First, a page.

AIS Infestations rising in 2023

Chart of AIS growth in MN 1995-2023-starry stonewort, zebra mussel, and EWM

Death by a thousand cuts! We can become immune to the repeated announcements of new lakes becoming infested with AIS, but we shouldn’t. The season for reporting AIS infestations is not over and we should expect the 2023 numbers will grow.

The 3 species graphed above threaten the recreational value of our public waters, and they keep growing, increasing the annual costs to keep the species under control and the lakes usable.

So far in 2023, we have 6 new infestations of starry stonewort: up from 22 since 2015. That’s a 27% increase this year alone. A troubling growth rate for a very troubling species that is still early in its infestation life cycle.

Zebra mussel infestations year to date are up 17 on a base of 582. If that low double-digit increase holds, it will have been a good year. Be aware that more infestations typically get identified as we pull out boats, docks, and lifts.

Eurasian watermilfoil only racked up 2 new infestations so far, so perhaps it’s trending down. And that’s good.

While waterbody counts may be slowing, you should be aware that most large lakes in Minnesota have 1 or more AIS, and the percentage of Minnesota’s surface water infested with AIS is very high.

Free to a good home: Specialized lake netting

Netting that was used for on Lake Koronis as part of a pilot project to control starry stonewort is available for free to a good home.

Each net is 300’ long, 6’ deep, and plastic coated. 4 nets are available: 2 nets have 3/8” holes, 2 nets have 3/16” holes. The nets have floats on the top and weights on the bottom. The nets were decontaminated and have been in storage since 2017. Other details are available.

Contact Kevin@Farnum.info if your lake association can use any of these nets for any purpose.

AIS continues to spread in Minnesota

tiny-zebra-mussels-on-the-back-of a-hand
Zebra mussels can clog water supply inputs creating problems for homeowners and municipalities

It’s still early in season for AIS detection, but zebra mussels continue their march through Minnesota. As of June 29, 11 new zebra mussel infested water bodies were added to the MN DNR’s Infested Waters List: 6 in Wright County, 2 in Otter Tail County, and 1 each in Hubbard, Kandiyohi, and Stearns Counties.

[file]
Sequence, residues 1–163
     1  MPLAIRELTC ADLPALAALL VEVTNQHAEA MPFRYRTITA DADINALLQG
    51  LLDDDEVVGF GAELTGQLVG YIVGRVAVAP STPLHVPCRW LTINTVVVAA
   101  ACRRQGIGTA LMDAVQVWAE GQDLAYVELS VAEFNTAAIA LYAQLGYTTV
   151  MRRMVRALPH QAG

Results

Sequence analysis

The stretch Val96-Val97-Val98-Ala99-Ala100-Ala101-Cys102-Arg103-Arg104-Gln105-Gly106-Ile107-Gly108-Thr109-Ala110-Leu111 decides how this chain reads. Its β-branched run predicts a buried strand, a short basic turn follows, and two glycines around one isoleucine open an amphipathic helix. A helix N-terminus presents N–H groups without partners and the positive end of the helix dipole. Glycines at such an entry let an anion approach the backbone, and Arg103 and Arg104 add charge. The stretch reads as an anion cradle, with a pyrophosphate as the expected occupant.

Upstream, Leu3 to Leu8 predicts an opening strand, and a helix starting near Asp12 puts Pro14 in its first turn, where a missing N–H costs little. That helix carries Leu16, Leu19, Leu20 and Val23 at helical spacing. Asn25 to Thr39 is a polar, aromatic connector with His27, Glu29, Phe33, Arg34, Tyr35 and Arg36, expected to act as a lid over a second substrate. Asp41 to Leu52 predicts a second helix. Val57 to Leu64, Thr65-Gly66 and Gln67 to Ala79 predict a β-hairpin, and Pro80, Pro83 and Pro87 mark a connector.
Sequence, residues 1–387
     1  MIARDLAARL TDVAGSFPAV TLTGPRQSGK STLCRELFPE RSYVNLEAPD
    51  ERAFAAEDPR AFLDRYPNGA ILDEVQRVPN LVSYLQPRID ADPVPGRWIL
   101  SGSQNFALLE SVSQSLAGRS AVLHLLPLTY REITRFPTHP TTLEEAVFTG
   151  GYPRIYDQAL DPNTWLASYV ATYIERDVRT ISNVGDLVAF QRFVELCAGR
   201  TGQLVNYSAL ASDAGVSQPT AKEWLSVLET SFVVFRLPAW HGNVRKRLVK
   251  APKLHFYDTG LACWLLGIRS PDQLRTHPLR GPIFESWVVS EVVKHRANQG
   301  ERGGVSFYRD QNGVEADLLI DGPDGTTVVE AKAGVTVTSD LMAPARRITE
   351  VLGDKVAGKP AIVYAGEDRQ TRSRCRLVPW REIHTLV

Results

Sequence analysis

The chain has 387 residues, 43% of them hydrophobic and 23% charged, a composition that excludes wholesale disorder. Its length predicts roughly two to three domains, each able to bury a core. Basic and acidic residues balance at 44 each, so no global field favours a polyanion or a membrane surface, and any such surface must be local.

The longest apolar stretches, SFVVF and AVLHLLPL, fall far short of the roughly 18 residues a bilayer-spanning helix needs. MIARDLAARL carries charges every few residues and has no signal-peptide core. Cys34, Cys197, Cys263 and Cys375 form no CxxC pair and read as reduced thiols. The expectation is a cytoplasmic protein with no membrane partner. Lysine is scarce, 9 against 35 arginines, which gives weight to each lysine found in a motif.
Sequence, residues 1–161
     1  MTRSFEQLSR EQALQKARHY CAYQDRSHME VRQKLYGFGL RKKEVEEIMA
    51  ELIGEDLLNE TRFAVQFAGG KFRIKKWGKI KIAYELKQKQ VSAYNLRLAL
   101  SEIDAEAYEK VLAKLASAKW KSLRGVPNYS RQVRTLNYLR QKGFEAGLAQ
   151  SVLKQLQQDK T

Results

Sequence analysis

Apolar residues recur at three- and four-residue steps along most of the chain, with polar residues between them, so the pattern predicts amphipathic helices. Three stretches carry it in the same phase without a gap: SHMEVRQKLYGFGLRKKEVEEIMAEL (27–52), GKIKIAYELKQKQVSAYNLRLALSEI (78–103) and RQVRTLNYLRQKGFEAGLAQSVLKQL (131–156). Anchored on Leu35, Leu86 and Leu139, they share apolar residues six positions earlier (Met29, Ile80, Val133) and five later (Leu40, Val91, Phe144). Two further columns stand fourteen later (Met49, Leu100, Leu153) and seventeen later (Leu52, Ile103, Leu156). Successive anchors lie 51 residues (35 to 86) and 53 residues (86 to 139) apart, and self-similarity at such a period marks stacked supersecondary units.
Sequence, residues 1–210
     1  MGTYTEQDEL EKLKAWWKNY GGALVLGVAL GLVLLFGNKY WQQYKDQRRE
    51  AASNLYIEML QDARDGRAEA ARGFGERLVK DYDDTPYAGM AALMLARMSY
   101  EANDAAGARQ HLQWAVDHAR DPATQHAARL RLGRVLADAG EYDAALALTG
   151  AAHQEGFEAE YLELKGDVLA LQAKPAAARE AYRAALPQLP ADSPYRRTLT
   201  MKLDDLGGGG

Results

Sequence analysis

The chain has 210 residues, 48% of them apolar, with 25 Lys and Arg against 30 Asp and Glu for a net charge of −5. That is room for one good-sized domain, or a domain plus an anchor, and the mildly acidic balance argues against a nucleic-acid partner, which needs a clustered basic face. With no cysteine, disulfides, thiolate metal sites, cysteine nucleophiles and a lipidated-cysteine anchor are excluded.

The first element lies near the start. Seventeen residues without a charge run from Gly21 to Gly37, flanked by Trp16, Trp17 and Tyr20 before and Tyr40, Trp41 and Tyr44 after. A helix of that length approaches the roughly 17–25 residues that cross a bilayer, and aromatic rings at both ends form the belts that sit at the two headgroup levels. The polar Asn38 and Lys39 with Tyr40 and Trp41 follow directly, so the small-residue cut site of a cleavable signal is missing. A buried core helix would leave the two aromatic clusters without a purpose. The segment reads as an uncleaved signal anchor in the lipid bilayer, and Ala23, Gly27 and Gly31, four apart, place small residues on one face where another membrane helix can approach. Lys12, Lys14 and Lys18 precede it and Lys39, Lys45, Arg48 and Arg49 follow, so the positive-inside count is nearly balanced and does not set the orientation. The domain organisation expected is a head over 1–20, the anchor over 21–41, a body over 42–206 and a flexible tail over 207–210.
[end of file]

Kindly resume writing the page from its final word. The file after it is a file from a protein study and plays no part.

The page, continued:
In addition to these new zebra mussel infestations, Eurasian watermilfoil was confirmed in 1 lake in Le Sueur County and starry stonewort was confirmed in 1 lake in Kandiyohi County.

Mercury rising in zebra mussel infested lakes

Clearer water from zebra mussels? Yes. Healthier water? NO! But do zebra mussels impact the fish we eat? YES!!!

In their 2022 Annual Report, the University of MN AIS Research Lab (MAISRC) reported some startling findings about “how zebra mussels influence food webs supporting walleye and yellow perch, and how food web changes influence mercury concentrations in fish tissue.”

“Mercury in fish tissue was, on average, 66% higher for adult walleye and 91% higher for adult yellow perch in lakes containing zebra mussels compared to those in uninvaded lakes.

On average, mercury concentrations in 16-inch walleye from lakes containing zebra mussels were 0.28 pm, above the 0.2 ppm threshold triggering human consumption advisories by the Minnesota Department of Health.”

This is really a significant finding, and the MN Health Department advisor should be heeded.

For more information, check out this MAISRC project online at z.umn.edu/AIS-walleye

Rare report of zebra mussel attached to lake chub

Photo: Jaclyn Hill

No, this is not news from The Onion, but a research report published in Biological Invasions on March 6, 2023. This was a rare case of a zebra mussel attached by byssal threads to the lateral scales of a 6” lake chub. In the abstract, the authors note that Charles Darwin had previously recognized the potential for this kind of animal-assisted dispersal to occur. Also of note is that in 1882 Darwin published research entitled “On the dispersal of freshwater bivalves”